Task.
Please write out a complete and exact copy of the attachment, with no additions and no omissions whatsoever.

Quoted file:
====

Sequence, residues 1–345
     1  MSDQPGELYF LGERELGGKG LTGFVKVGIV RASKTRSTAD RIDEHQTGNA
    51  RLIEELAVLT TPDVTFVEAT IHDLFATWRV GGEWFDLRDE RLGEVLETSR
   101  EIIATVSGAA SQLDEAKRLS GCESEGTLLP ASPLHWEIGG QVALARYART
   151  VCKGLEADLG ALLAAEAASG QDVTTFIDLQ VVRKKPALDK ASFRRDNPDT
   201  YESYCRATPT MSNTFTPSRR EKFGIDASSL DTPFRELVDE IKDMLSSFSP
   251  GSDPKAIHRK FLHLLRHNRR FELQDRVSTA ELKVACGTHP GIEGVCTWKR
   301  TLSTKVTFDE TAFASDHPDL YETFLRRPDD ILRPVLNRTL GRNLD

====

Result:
Sequence, residues 1–345
     1  MSDQPGELYF LGERELGGKG LTGFVKVGIV RASKTRSTAD RIDEHQTGNA
    51  RLIEELAVLT TPDVTFVEAT IHDLFATWRV GGEWFDLRDE RLGEVLETSR
   101  EIIATVSGAA SQLDEAKRLS GCESEGTLLP ASPLHWEIGG QVALARYART
   151  VCKGLEADLG ALLAAEAASG QDVTTFIDLQ VVRKKPALDK ASFRRDNPDT
   201  YESYCRATPT MSNTFTPSRR EKFGIDASSL DTPFRELVDE IKDMLSSFSP
   251  GSDPKAIHRK FLHLLRHNRR FELQDRVSTA ELKVACGTHP GIEGVCTWKR
   301  TLSTKVTFDE TAFASDHPDL YETFLRRPDD ILRPVLNRTL GRNLD